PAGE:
The port of Melbourne is vital to the Australian economy. In 2007 the Australian government approved a project aimed at making the port more accessible to container ships with a draft of up to 14 meters.
Boskalis was contracted to deepen the access channels in Port Phillip Bay. The project involved dredging sand, clay and rock from the bay and removing contaminated silt from the Yarra River, as well as deepening the entrance to the bay and installing rock protection around pipelines and cables.
The location of the port required the dredging work to be carried out within strict environmental parameters. In addition, strong currents and a long swell meant it would be impossible to use a stationary cutter suction dredger at the busy entrance to the port.
- A trailing suction hopper dredger was deployed to pump 1.4 million m³ of contaminated silt through a 750m-long pipeline and a diffuser to an underwater disposal area. This was enclosed by a bund of clay 5 meters high and 40 meters wide, and eventually capped with a layer of clean sand;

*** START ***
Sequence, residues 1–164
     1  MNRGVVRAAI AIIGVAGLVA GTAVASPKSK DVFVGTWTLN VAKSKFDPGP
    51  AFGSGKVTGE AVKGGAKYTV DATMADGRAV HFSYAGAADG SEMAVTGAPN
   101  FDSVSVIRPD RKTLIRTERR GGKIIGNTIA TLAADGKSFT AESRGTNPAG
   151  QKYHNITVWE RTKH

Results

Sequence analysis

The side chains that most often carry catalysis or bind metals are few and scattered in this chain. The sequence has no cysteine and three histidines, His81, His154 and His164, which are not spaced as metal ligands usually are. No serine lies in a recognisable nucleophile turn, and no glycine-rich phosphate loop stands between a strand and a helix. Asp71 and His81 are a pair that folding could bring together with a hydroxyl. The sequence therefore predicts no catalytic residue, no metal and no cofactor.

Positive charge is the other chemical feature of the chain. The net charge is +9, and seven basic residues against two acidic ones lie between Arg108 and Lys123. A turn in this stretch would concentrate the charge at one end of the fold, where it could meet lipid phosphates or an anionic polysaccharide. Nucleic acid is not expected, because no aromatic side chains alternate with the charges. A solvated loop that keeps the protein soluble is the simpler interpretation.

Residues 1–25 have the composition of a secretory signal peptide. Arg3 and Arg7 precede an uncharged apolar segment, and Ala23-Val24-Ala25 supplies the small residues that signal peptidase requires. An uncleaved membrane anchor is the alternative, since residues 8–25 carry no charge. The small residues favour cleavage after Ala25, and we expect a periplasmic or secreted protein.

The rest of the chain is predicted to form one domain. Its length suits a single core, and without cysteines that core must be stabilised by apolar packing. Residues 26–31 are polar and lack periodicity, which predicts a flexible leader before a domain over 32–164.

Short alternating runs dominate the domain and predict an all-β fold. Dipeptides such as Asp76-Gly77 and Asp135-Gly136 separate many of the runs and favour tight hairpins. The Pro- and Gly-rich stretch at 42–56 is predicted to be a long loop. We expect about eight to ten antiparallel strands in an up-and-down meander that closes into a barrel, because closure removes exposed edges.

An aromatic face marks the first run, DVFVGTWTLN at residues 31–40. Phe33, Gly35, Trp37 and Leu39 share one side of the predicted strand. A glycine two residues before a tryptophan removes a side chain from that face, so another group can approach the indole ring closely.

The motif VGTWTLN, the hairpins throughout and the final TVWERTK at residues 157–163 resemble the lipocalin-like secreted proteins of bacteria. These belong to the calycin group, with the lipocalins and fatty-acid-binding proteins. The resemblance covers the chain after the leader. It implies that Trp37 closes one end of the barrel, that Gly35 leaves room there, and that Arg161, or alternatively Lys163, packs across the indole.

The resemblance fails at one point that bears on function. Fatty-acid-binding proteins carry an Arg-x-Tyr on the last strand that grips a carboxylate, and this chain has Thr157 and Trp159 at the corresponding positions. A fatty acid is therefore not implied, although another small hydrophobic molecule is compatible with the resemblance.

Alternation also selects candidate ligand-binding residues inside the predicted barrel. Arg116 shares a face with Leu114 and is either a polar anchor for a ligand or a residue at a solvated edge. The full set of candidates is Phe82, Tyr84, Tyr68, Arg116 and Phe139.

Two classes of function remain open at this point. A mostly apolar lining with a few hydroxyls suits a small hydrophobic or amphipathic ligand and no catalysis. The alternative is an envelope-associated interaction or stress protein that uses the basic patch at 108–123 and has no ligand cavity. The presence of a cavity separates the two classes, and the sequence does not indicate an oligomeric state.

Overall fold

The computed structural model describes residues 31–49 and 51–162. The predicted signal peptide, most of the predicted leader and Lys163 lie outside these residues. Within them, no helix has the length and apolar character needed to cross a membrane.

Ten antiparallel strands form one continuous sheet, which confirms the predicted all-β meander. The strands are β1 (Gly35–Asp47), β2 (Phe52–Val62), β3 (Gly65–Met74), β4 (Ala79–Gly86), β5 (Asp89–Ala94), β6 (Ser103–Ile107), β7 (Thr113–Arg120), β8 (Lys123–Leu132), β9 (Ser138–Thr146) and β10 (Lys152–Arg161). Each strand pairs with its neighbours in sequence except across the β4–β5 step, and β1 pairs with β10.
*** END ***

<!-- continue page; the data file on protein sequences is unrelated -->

- A special frame was developed for the protection of existing, operational pipelines by positioning steel plates over them with great precision and within the stated tolerances;
- A unique ‘ripper’ draghead was developed for use with a trailing suction hopper dredger in order to dredge the entrance to the bay and remove around 460,000 m3 of limestone. This allowed us to combine the maneuverability of a hopper with the strength of a cutter;
- Thanks to laboratory testing using scale models we achieved high suction efficiency and were able to reduce spillage of dredged materials and so minimize the environmental impact;
- The remaining loose material was regularly suctioned off to prevent the strong currents from carrying it to the nearby nature area.